Storage Area Network in Data Center by ghu14045

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									  Building a Sustainable
       Data Center
        Matthew Holmes
Johnson County Community College
                              About JCCC
•   With more than 39,000 students enrolled in credit and continuing education
    classes each semester, Johnson County Community College is the state's third
    largest institution of higher education and the largest of its 19 community colleges.

•   JCCC offers a full range of undergraduate credit courses that form the first two
    years of most college curricula. The college has more than 100 transfer
    agreements with area colleges and universities that ensure admittance to specific
    programs such as business, engineering and education. In addition, more than 50
    one- and two-year career and certificate programs prepare students to enter the
    job market in high-employment fields. The college maintains extensive student
    support services such as computer labs, math labs, a writing center and a learning
    center.

•   The campus, centrally located in the county on 234 acres, opened in 1972. There
    are 20 major buildings on campus. The newest are the Regnier Center and the
    Nerman Museum of Contemporary Art.
                  data center challenges
•   1999 – Administrative Computing (ACS) manages three enterprise class servers
    hosting Banner, Oracle database, and an IVR system.

•   2003 – Power and cooling in the data center is becoming an issue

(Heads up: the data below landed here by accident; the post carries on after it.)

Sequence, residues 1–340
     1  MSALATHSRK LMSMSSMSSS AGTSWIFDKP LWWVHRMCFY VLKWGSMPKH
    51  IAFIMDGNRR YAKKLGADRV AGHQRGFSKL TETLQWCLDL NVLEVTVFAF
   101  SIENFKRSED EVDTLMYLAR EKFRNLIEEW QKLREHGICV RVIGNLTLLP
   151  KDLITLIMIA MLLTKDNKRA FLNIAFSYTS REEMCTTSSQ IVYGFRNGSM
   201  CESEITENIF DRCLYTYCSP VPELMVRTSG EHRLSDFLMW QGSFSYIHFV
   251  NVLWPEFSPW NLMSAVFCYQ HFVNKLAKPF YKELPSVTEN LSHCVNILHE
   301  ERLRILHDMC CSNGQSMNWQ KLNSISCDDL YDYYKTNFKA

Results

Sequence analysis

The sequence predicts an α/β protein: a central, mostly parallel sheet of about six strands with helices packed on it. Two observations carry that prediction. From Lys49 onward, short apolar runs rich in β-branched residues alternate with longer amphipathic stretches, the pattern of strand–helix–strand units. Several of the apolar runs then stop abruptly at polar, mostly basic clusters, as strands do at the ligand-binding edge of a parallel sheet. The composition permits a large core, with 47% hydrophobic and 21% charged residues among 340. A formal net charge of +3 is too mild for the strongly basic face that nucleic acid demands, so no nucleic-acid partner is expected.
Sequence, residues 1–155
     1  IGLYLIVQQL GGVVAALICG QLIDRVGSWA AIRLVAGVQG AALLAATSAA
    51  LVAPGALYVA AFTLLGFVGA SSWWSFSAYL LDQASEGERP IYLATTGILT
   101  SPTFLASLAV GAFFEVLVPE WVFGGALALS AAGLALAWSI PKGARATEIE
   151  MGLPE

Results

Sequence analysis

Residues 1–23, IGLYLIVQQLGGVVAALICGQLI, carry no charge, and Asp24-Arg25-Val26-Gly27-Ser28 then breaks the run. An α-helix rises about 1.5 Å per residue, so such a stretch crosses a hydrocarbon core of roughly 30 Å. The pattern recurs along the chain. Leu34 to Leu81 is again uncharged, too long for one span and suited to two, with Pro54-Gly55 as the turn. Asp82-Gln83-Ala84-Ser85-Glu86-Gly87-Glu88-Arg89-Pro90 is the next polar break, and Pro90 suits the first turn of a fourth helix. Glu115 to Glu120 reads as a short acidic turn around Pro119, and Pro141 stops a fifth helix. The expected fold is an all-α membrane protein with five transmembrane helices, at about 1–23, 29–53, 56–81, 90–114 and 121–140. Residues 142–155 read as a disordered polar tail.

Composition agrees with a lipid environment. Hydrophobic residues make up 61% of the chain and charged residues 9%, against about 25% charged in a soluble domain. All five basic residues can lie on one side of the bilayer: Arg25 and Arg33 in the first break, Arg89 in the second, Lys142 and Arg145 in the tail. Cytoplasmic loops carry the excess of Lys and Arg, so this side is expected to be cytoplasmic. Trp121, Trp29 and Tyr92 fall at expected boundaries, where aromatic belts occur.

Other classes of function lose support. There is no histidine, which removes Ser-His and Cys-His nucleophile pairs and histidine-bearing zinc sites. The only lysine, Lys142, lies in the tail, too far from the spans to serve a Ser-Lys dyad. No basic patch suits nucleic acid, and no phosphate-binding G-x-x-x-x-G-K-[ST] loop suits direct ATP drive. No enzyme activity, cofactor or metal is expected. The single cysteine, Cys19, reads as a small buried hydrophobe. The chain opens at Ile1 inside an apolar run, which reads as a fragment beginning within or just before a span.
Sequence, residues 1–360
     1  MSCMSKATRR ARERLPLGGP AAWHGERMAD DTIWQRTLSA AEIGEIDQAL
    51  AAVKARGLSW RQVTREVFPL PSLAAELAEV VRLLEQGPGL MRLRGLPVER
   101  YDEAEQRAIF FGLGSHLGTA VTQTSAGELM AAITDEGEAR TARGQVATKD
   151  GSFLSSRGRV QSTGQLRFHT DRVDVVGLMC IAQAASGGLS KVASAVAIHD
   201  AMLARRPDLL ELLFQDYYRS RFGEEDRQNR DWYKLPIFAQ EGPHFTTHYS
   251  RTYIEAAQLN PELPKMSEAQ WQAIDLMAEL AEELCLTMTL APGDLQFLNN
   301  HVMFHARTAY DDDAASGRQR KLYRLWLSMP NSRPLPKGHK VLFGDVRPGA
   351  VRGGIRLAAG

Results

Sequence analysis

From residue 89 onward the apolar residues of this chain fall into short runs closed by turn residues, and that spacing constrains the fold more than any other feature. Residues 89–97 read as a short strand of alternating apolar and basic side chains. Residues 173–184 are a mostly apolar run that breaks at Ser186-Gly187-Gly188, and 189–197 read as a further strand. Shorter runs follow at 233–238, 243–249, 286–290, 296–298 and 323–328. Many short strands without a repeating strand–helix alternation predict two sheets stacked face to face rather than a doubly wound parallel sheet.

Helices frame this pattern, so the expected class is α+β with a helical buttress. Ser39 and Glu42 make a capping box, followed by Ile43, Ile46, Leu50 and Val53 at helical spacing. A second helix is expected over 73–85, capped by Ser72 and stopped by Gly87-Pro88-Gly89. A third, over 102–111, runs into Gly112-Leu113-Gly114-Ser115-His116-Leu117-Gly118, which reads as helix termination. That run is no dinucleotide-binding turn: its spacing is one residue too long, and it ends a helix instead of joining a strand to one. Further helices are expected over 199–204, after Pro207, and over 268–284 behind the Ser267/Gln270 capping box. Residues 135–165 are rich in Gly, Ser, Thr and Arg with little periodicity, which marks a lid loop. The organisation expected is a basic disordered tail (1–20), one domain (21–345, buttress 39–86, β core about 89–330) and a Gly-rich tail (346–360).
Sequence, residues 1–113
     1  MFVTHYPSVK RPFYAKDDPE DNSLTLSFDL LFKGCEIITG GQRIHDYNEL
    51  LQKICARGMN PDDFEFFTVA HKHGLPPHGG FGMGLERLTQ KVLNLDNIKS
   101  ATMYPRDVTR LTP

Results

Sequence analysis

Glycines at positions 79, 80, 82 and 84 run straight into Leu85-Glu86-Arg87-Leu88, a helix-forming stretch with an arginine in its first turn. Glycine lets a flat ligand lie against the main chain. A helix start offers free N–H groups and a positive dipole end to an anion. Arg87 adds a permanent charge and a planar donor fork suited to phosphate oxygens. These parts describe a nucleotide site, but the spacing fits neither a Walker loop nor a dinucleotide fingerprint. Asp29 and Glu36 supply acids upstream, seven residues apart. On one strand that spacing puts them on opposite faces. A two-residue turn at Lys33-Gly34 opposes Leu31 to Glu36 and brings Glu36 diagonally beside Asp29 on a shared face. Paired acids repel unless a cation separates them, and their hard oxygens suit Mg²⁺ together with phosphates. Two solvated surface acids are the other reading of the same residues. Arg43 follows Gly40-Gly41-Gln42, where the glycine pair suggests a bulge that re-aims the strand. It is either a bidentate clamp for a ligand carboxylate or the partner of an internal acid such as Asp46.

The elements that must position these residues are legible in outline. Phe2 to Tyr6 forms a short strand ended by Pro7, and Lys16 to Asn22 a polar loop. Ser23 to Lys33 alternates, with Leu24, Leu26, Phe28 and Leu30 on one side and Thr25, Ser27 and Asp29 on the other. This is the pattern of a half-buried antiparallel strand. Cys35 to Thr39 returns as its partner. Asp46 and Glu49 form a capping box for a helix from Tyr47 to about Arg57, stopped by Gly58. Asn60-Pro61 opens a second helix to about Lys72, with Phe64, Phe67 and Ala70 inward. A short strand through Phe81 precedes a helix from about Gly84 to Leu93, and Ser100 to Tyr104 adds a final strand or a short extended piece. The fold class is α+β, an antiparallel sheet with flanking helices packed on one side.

– Efforts are underway to house all servers in the data center
     – Storage Area Network is installed to consolidate storage and improve backup operations
     – A second power feed and UPS are added in to handle server and storage growth

•   2004 – ACS manages over 50 enterprise class systems.
     – Windows application servers are driving growth
     – Standardization and best practices involve building and maintaining test systems to mirror
       production

•   2005 – Server virtualization begins
     – Budget is allocated for software licensing and training
     – Hardware for hosting virtual machines is identified
     – Candidates for physical to virtual conversion are identified (test and pre-production systems
       are first)
enterprise VM 1.0
                 data center 2.0
• Virtual servers help the data center do more at lower
  costs. Right?

• Cost of supporting VM infrastructure is high
   – VMware license purchases and yearly maintenance
   – Physical servers with high CPU count and RAM are needed
     to support enterprise applications
   – Storage Area Network is consumed rapidly by VMs
   – Power and cooling requirements for larger servers and
     storage

• Cost of deploying monolithic servers for applications is
  much higher!
         simple TCO calculator
• Gather costs of deploying one monolithic
  server
  – Hardware Costs per physical server deployment
  – Power and Cooling (four years) = $5,256.00
  – Hardware 2 CPU server =$10,500.00
  – Deployment Cost (system administrator) =
    $800.00
  – Procurement Cost (purchasing, accounts payable,
    inventory) = $400.00
  – Total = $16,956.0
           simple TCO calculator
• Gather costs of deploying one VM host server
  – Costs per virtual server deployment + 15 virtual machines
  – Power and Cooling (four years) = $10,512.00
  – Hardware 4 CPU 4 core server (one time cost for host server)
    = $19,800.00
  – VMware License Cost (includes four year maintenance) =
    $8,560.00
  – VM Deployment Cost (system administrator deploying 15
    VMs per host) = $750.00